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Stay Hungry. Stay Foolish.

A blog by Leon Oudejans

Budgeting – breaking bad behaviour

30 January 2015


The budgeting process never stops to amaze me. Who is really interested in a budget? Either a budget is too soon and misses important Q3 or Q4 trends or a budget is that late that preparing the first full year forecast makes more sense for controlling the business. Auditors are hardly interested in the budget as it is beyond their scope. Some bankers may like receiving it but mostly for updating an internal checklist. For management the budget may already be past due while still preparing it. Supervisory directors seem to be the only exception to the above.

If you are really lucky the annual budgeting process process is swift and finalised well before the year-end. However, the budgeting process typically starts bottom-up, the outcome is usually rejected, and then a top-down approach comes instead with a limited alignment to the former bottom-up process. After many weeks of overtime, both managers and staff tend to be frustrated by the result.

Maintaining within – or surpassing – budget usually entitles various levels within the organisation to layered bonus schemes. The level of transactions before/at quarter-end or before/at year-end may even be explained by these bonus schemes. Managerial behavioural may actually change when a next bonus layer becomes within reach or when it’s totally out-of-reach.

Another frustration is the monthly variance analysis and the accompanying explanations. Most explanations tend to be dull and meaningless as transparant communication is either not welcome at the management board or at the supervisory board. These dull and meaningless explanations can be a recipe for time consuming discussions at management or supervisory board level about minor items. A special distraction is reporting variances due to errors in the budgeting process.

Disappointing net results cause a lot of discussions, meetings, questions and ad-hoc calculations regarding remedial actions. Unfortunately, management reporting (let alone financial reporting) is not a tool for establishing remedial actions. Most likely the information is available but the required data quality dimension (see next paragraph for example) of that information is not – readily – available.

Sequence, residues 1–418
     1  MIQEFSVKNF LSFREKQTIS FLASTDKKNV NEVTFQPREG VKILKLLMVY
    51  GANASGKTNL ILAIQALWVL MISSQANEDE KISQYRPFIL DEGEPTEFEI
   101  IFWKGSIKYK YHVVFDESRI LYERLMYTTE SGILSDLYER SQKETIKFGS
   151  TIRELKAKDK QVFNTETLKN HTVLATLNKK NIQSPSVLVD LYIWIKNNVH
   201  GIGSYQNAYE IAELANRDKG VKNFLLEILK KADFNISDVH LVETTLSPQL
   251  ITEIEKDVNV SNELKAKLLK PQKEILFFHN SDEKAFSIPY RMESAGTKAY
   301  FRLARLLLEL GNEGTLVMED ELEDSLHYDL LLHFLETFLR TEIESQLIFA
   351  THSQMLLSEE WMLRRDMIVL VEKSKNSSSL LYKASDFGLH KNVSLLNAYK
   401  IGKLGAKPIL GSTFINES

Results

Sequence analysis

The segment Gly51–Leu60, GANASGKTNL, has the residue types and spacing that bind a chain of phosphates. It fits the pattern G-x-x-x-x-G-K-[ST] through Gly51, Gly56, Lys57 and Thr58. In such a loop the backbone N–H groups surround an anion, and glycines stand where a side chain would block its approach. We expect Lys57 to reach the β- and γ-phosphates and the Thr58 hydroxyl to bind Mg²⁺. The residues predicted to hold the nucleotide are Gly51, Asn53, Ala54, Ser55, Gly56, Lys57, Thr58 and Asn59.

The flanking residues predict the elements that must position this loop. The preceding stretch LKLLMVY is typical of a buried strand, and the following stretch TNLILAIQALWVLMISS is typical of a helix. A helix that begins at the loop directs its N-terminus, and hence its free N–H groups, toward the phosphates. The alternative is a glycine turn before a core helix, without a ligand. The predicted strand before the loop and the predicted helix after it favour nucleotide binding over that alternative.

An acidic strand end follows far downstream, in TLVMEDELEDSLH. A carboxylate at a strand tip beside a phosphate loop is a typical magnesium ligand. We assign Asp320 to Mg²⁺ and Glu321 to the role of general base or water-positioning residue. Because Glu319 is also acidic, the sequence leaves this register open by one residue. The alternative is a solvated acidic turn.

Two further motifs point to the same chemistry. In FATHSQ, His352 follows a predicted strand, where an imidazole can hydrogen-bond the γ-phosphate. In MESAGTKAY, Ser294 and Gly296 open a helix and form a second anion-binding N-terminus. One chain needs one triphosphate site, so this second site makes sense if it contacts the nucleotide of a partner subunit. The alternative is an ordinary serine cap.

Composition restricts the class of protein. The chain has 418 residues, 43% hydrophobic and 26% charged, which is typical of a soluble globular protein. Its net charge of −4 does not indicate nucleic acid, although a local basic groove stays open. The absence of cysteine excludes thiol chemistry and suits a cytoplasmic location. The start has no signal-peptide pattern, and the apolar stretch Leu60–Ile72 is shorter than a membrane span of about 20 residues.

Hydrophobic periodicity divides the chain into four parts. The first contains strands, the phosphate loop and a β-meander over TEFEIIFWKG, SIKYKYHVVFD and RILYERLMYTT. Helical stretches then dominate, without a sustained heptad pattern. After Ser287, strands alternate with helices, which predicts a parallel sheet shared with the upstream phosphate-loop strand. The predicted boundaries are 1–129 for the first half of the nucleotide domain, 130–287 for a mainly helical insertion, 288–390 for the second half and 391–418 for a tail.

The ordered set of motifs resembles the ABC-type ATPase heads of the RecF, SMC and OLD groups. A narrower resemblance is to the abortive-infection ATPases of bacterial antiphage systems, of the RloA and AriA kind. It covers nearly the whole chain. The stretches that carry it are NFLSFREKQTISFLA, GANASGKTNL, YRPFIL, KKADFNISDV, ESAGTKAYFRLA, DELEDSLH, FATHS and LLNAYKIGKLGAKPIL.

In each (cost) controlling situation, another frustration comes to light: the unknown level of future committed and uncommitted cost (e.g., marketing cost). Contracts may be registered but usually in a fully independent database (e.g., Excel). I cannot recall that I ever saw a working interface from contracts to the General Ledger. Future – committed – cost are thus like an iceberg. Most is invisible.

Accounting (a.k.a bookkeeping) is focused on recording actuals (e.g., bank statements, invoices, salaries) and financial reporting (e.g., annual accounts). Controlling is focused on budgets, forecasts and management reporting. Major future (un)committed cost might be controlled by Accounting or Controlling in Excel spreadsheets. Timely, correct and complete information from other departments on future cost – or future turnover – is essential in establishing reliable forecasts.

In my view, the budgeting process needs to be replaced by a combination of contract management, scenario management, and ongoing full year forecasting. This would bring the required focus during challenging times and could help preventing the common chaotic human behaviour during crises.

Contract management would replace the essence of budgeting and would imply an annual agreement on the main business drivers: volume, average gross margins, marketing expense per unit sold, #FTE, total overhead. Substitution is allowed within each business driver. Variance reporting – while using thresholds – is only with respect to these main business drivers.

Scenario management would imply that management has pre-approved back-up plans for both rapidly deteriorating or booming market conditions. These back-up plans pre-identify areas for cost reduction – or cost expansion – following substantial changes in sales volume. In this way, little time is lost in implementing remedial actions. Usually lots of precious time is lost on discussions, meetings, questions and ad-hoc calculations.
Ongoing full year forecasting should become the key focus of the Finance Dept. including a brand new focus on committed and uncommitted future cost and turnover. Any forecast should comprise of year-to-date actuals, expected committed cost and turnover, and expected uncommitted cost and turnover. Thus the forecast would also become a tool rather than being a vital report.

This may well require a different aptitude and attitude within Finance as the Accounting domain and the Controlling domain will really need to cooperate regarding (recording) future cost and turnover. 


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